Ripples From Peanut Scandal Affect Companies Big and Small

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By Lyndsey Layton
Washington Post Staff Writer
Sunday, March 1, 2009

Candymaker Tom Hurst didn't even recognize the name Peanut Corporation of America when he first read about the company at the heart of the salmonella outbreak.

But within days, the president of Heavenly Candy was calling Whole Foods stores across the country, telling them to pull his Peanut Bliss bars off the shelves, filling out unending paperwork for the Food and Drug Administration, and staring at a loss of a month's worth of products with a value of about $6,000.

"Peanut Bliss had been selling really well, and then this happened," said Hurst, who runs the company out of his Oregon home and has one employee -- his wife, Susan. "This was half my sales."

Hurst's supplier, which had purchased roasted salted jumbo Virginia peanuts from Peanut Corporation, is reimbursing Hurst for the cost of his recalled candy but not the lost profits. That makes Hurst luckier than some.

After government officials closed two of Peanut Corporation's three peanut plants, few were surprised when the company filed for bankruptcy protection on Feb. 13. But hundreds of companies that unknowingly bought its tainted products now face serious financial troubles of their own, and the fallout is affecting businesses as tiny as Heavenly Candy and as large as Kellogg.

Federal officials say 666 illnesses and nine deaths in 45 states and Canada have been linked to the contaminated peanut products, and the outbreak is ongoing, although the pace has slowed. Investigators say the company's president, Stewart Parnell, knowingly distributed tainted peanut products. The company is the target of a federal criminal investigation as well as a growing number of civil claims from victims of salmonella illness.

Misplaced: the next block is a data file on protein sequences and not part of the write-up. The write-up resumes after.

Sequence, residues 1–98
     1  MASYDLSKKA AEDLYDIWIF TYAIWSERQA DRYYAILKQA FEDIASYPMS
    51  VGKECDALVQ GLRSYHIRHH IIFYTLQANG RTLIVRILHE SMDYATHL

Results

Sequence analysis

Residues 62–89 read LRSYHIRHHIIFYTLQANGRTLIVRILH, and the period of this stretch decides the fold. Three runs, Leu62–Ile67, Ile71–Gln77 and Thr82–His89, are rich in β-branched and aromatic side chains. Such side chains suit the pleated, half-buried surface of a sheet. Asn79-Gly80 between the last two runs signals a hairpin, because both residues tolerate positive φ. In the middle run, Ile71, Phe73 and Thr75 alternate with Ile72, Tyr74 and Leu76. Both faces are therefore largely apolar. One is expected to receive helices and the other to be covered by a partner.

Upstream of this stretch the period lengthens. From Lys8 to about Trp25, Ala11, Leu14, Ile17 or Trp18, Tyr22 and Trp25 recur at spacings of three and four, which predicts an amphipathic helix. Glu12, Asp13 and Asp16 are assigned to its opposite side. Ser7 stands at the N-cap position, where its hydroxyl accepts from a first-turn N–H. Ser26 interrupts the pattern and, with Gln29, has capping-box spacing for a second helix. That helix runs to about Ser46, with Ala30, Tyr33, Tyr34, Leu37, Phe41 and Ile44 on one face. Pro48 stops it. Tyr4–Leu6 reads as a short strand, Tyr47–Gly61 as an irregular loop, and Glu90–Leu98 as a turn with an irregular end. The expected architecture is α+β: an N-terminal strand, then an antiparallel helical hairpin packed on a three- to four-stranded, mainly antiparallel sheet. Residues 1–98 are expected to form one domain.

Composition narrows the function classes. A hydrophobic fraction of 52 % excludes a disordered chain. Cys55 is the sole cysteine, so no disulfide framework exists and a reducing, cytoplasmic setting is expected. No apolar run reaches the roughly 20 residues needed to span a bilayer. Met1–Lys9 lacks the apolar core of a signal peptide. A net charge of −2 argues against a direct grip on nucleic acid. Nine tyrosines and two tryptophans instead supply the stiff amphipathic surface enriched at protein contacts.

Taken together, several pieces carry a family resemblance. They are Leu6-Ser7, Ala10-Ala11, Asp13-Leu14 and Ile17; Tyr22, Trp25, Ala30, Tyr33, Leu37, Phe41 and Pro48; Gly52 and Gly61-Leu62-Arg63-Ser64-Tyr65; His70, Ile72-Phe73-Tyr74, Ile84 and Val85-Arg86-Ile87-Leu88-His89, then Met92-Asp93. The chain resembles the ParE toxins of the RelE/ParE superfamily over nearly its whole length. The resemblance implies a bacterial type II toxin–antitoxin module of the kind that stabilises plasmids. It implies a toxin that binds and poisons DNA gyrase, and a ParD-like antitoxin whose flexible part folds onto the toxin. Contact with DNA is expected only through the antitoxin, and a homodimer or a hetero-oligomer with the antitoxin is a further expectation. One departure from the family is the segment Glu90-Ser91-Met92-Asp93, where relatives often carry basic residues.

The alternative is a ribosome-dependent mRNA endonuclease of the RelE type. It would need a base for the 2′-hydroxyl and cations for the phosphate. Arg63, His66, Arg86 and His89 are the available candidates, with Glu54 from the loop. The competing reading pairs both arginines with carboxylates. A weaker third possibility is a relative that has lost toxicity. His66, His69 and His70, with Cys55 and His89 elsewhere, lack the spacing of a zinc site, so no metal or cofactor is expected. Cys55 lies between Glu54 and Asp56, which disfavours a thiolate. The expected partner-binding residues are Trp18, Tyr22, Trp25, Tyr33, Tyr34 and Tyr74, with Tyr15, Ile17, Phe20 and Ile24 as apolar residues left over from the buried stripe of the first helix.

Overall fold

Forward Foods of Minden, Nev., which makes Detour protein bars, popular among bodybuilders, filed for bankruptcy protection Feb. 17. In court filings, the company explained that it had to recall 75 percent of its product line because it was made from spiced roasted peanuts from Peanut Corporation.

"A significant value of inventory must be condemned," Forward Foods chief executive J. Patrick Muldoon wrote in an affidavit filed in U.S. Bankruptcy Court in Nevada. "And to the extent customers are appropriately destroying or returning unsold recalled product, the ability to collect outstanding receivables is very much at risk."

The company, which has about 50 permanent employees and 25 temporary workers, is seeking court approval of a $4 million line of credit to enable it to keep producing the protein bars and regain its footing.

"One of the tragedies is that it hits other small companies that were users of this product but didn't have a lot of other products to carry them," said Jean Kinsey, an economics professor at the University of Minnesota and co-director of its Food Industry Center.

Large national firms are taking a hit as well.

Scotts, the lawn fertilizer giant, sold wild bird seed that contained peanut meal from Peanut Corporation. Bird seed contaminated with salmonella is not considered a significant threat to animals, but it does endanger humans who handle it.


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